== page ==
between shades of gray by Ruta Sepetys
First of all, please do not confuse this spectacular title with that OTHER Shades of Grey. Not that any comparison is even merited, but gray – notice spelling difference – hit shelves more than a year before Grey (March 2011 vs. April 2012), and gray is indisputably the superior title.
This is one of those unput-downable books you finish and repeatedly ask yourself, ‘why didn’t I know more about this before?’ An estimated 20 million people were murdered during Josef Stalin’s reign during the 1930s to his death in 1953. As author Ruta Sepetys explains, the Baltic nations of Lithuania, Latvia, and Estonia “simply disappeared from maps” in 1941 under Stalin’s occupation, and did not reappear until a half century later. Her connection to this history is highly personal: Sepetys is American, but her father was a Lithuanian refugee, and her grandfather a Lithuanian military officer who was miraculously fortunate enough to escape his homeland through Germany into refugee camps.
More than one-third of the population of these Baltic countries were annihilated. Survivors of the massive deportations who spent 10-15 years in terrifying Siberia finally returned to an occupied homeland where they were treated as criminals. Under constant surveillance by the KGB, mere talk of their tragic experiences meant imprisonment; their silent submission was all but guaranteed. “As a result, the horrors they endured went dormant, a hideous secret shared by millions of people,” Sepetys explains in her “Author’s Note.” In this near-perfect debut novel, she reclaims these heroic voices: “Many of the events and situation I describe in the novel are experiences related to me by survivors and their families.”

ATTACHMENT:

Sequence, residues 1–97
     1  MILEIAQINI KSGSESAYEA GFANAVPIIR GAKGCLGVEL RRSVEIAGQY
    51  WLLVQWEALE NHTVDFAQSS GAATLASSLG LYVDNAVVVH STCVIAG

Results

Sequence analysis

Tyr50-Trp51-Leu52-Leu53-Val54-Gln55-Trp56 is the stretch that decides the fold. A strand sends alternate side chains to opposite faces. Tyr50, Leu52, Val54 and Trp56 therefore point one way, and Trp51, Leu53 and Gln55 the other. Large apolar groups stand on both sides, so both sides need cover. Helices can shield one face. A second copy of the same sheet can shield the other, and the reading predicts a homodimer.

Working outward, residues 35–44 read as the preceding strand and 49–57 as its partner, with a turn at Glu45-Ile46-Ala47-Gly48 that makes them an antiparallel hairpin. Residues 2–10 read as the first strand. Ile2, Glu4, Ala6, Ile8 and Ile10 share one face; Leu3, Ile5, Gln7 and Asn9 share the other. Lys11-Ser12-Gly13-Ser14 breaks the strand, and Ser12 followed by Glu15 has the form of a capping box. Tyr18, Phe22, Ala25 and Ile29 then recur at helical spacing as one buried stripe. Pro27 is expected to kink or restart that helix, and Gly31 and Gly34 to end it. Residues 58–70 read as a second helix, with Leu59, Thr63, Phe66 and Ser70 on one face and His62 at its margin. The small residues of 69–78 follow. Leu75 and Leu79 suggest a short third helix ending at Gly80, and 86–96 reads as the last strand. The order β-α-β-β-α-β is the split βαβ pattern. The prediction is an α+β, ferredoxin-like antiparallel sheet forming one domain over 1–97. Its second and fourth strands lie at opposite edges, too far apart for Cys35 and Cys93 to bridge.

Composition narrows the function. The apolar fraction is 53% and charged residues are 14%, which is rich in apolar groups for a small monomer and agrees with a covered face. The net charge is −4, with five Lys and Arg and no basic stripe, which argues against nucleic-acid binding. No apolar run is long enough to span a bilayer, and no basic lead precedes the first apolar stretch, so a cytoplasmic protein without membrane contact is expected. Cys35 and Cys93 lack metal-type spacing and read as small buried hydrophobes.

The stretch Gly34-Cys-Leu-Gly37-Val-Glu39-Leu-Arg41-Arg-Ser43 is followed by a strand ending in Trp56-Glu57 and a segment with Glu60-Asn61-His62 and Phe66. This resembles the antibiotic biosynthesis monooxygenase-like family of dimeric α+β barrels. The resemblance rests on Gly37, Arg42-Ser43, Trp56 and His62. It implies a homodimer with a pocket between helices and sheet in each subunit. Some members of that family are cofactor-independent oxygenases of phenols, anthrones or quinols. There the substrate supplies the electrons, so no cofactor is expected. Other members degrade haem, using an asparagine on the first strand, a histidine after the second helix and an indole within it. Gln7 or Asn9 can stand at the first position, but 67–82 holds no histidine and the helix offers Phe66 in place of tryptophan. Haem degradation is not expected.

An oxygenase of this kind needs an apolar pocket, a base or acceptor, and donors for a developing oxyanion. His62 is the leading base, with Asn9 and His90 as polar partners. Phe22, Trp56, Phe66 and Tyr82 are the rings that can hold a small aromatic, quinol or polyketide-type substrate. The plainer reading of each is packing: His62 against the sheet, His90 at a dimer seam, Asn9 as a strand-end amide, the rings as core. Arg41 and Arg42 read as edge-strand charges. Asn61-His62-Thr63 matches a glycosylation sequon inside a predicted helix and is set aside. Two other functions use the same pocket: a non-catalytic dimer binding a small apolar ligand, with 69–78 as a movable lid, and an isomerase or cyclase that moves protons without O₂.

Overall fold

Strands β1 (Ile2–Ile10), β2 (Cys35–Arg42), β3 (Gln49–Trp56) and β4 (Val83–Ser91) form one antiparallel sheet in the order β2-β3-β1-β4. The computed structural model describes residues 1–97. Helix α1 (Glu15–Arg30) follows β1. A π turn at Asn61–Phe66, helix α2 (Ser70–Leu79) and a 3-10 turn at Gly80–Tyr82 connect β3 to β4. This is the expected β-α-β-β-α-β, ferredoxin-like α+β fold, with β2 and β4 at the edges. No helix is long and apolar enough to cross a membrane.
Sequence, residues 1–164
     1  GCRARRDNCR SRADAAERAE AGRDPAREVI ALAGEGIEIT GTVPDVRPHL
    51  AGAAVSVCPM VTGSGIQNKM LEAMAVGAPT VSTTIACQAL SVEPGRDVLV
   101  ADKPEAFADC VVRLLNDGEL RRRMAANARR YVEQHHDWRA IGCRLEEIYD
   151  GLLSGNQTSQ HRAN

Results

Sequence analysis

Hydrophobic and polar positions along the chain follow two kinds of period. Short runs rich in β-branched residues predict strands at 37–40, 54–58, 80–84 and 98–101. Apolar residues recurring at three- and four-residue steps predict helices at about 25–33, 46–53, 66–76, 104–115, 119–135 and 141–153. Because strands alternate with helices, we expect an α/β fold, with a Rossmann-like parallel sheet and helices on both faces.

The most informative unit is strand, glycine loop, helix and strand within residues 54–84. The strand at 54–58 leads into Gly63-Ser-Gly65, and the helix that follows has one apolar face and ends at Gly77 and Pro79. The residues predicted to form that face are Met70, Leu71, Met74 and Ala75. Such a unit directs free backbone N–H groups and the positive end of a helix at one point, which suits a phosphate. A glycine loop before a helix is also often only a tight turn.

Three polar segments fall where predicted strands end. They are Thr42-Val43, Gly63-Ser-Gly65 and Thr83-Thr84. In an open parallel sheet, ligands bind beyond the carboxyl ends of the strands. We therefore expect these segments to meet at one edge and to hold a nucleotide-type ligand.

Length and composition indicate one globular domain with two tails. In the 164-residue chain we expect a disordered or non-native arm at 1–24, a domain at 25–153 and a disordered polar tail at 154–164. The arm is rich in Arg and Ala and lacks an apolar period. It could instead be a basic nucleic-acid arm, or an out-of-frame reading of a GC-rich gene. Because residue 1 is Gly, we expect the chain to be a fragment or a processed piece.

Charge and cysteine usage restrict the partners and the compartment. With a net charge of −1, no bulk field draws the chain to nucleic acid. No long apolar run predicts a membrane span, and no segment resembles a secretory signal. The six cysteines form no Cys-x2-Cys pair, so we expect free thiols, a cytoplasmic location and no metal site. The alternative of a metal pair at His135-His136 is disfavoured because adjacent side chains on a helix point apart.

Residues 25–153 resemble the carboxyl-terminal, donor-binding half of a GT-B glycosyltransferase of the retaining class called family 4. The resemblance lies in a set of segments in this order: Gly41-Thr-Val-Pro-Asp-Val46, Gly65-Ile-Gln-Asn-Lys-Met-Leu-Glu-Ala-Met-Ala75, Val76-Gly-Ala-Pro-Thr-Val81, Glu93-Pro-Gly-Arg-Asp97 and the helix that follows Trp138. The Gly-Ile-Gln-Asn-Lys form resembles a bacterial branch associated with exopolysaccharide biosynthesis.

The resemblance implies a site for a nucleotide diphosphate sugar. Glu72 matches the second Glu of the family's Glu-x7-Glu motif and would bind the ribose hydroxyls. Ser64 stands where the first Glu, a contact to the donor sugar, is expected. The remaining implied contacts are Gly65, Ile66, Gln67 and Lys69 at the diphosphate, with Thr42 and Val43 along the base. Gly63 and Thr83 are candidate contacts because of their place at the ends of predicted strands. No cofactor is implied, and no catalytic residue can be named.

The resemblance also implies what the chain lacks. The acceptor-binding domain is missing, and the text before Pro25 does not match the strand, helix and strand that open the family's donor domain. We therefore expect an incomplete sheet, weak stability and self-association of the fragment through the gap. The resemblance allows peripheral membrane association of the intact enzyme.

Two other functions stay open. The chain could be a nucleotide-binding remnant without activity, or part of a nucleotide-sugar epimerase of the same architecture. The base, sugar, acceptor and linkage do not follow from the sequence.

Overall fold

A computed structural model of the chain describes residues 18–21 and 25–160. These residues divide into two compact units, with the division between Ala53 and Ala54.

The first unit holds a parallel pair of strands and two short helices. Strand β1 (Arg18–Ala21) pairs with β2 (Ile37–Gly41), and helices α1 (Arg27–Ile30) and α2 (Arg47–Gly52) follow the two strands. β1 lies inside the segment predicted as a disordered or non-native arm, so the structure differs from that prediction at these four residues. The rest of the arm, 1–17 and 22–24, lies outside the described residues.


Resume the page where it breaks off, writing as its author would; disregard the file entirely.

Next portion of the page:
Lina is just 15 when her happy, privileged world is shattered in just one night; the Soviet secret police – the NKVD – give Lina, her mother Elena, and her 10-year-old brother Jonas just 20 minutes to pack a suitcase and leave their lives forever. The threesome, separated from Lina’s father Kostas, begin a tortuous journey from their home in Kaunus, Lithuania that will pause for almost a year in a labor camp in Siberia’s Altai Mountains, and eventually settle in a hellish prison in the North Pole.
Amidst the mindless violence and monstrous abuse by the Soviet soldiers, Lina and her family survive on moments of shared humanity, whether among the fellow prisoners, or even with the so-called enemy. Elena’s strength rarely falters, keeping sanity intact for her family and their small group of prisoners, even when nothing around them makes any sense. Lina uses her artistic gifts to briefly draw – on a handkerchief, birch bark, and too-precious paper – herself out of her misery whenever she can, even as she bears witness to the atrocities all around her. Her art will prove to be a precious legacy.
In spite of the utterly inhumane history she exposes, Sepetys manages to imbue Lina’s story with overwhelming hope. She seems always aware of her younger readers, and knows when to suggest rather than sensationalize. Without ever diminishing the suffering, she highlights the tiny details that amount to heroic survival, the unbreakable bonds that keep people alive, and the deep hope that gets them to tomorrow and beyond. Like Markus Zusak‘s phenomenal The Book Thief – another story of a child’s survival amidst brutal tragedy – gray is ultimately an unforgettable, inspiring love story: ” … love is the most powerful army. Whether love of friend, love of country, love of God, or even love of enemy – love reveals to us the truly miraculous nature of the human spirit.”
Tidbit: As noted in my earlier post of Eowyn Ivey’s The Snow Child, I (unintentionally) happened to read gray and Snow simultaneously, the former on the page, the latter stuck in the ears. Read together, they make for interesting companion texts in spite of their many differences, but wrenchingly overlapping they certainly turned out to be. Check out both for yourself and do please share your reactions …
Readers: Middle Grade, Young Adult, Adult